The Monetary Policy Committee of the Bank of Mozambique (CPMO), meeting in Maputo last week, decided to leave the Bank’s benchmark interest rate, the Monetary Policy Rate (MIMO), unchanged, at 17.25 per cent.
A statement from the CPMO said this decision is based on maintaining the prospects for annual inflation of less than ten per cent, despite the worsening of some of the risks associated with projections for inflation, such as natural disasters and increased pressure on public expenditure.
The risks and uncertainties that underlie inflation projections have worsened, the CPMO says. “Domestically, there stand out uncertainties with regard to the impact of the recent climate shocks on the prices of goods and services in the short term”, the statement warned. “Externally, there stand out uncertainties about the effects of the volatility on the global financial markets, and the continuation of the conflict between Russia and Ukraine”.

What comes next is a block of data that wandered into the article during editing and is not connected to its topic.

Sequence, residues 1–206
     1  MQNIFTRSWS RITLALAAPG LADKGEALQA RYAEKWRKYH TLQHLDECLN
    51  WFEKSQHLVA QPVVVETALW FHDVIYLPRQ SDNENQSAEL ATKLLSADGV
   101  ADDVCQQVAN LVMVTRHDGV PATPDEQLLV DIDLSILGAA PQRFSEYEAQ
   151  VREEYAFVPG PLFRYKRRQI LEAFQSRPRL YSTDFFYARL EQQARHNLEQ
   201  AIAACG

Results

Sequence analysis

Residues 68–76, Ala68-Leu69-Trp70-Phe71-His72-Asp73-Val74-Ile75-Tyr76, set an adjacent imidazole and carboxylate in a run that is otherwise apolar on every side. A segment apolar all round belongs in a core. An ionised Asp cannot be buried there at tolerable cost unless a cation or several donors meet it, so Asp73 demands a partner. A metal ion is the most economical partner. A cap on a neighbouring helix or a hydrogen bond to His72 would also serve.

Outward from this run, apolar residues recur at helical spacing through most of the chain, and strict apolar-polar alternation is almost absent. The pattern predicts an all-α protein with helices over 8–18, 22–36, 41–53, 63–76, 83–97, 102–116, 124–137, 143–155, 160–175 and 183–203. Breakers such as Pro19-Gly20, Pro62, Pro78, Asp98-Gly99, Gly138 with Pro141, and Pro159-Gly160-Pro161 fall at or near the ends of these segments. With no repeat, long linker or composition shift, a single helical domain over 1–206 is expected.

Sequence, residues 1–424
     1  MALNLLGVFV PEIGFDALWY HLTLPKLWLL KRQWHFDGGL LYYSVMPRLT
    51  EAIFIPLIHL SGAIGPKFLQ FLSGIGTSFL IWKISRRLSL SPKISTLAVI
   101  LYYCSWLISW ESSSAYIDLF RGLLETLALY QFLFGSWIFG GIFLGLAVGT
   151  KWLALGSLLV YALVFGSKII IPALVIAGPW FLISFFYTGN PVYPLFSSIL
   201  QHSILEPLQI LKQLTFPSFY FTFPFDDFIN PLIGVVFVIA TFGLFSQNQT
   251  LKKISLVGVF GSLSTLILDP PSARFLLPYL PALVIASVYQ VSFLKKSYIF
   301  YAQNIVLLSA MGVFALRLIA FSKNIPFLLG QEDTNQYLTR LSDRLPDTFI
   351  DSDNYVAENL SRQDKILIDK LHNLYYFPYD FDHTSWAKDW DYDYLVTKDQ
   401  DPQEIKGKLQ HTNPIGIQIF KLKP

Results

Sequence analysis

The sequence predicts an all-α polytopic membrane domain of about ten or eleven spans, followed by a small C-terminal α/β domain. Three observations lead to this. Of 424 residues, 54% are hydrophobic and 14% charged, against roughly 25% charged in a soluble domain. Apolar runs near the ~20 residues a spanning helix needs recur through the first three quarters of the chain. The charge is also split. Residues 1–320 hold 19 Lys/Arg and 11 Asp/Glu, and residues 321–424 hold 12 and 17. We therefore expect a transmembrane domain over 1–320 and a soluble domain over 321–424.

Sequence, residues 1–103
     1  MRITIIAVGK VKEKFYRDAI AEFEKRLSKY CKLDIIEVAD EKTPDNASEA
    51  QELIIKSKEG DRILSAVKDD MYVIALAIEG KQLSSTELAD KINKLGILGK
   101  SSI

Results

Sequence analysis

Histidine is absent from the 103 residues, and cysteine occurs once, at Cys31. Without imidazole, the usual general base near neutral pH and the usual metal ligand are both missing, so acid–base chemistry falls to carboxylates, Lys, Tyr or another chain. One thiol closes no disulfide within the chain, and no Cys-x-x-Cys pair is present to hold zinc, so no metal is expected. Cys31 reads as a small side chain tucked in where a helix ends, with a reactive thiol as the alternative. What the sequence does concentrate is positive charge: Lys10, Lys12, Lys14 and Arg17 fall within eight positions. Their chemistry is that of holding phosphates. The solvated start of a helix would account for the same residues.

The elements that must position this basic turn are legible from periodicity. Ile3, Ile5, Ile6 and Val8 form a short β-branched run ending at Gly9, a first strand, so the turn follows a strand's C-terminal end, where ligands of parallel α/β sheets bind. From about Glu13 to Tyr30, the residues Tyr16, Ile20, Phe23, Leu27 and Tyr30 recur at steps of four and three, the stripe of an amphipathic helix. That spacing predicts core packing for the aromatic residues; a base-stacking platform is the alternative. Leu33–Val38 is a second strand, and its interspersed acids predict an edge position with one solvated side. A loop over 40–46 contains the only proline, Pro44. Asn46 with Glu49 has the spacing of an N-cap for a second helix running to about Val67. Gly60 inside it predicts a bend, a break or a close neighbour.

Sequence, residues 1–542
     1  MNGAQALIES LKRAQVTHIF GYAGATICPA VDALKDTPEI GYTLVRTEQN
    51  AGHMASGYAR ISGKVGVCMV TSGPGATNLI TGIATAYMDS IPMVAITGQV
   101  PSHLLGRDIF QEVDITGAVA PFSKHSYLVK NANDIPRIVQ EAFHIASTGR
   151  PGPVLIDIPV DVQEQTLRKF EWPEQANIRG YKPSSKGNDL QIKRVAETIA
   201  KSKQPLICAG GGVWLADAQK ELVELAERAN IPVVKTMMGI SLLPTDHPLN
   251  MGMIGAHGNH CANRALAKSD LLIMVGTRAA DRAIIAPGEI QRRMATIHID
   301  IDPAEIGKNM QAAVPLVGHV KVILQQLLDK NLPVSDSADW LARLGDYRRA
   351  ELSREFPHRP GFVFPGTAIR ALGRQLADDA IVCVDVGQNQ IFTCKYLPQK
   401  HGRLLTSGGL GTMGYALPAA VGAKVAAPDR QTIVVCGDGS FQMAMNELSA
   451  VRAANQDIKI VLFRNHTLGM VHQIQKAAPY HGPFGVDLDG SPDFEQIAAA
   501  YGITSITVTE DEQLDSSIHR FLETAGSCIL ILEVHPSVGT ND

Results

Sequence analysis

The CPMO noted that annual inflation rose from 9.78 per cent in January to 10.3 per cent in February, largely reflecting the increase in food prices due to natural disasters. But underlying inflation (excluding the prices of fruit and vegetables, and administered prices) “remains stable”.
The CPMO is thus optimistic that annual inflation will fall to below ten per cent, thanks to the central bank’s policy measures, exchange rate stability, and the trend to reduced commodity prices on the world market.
Economic growth is expected to be slower than initially forecast, due to the impact of the recent natural disasters. The one exception to this slowdown is the natural gas projects in the Rovuma Basin in the far north.
The CPMO noted that the country’s domestic debt has continued to grow and stood at 301.3 billion meticais (about 4.7 billion US dollars, at the current exchange rate). This was an increase of 26.1 billion meticais in comparison with December 2022.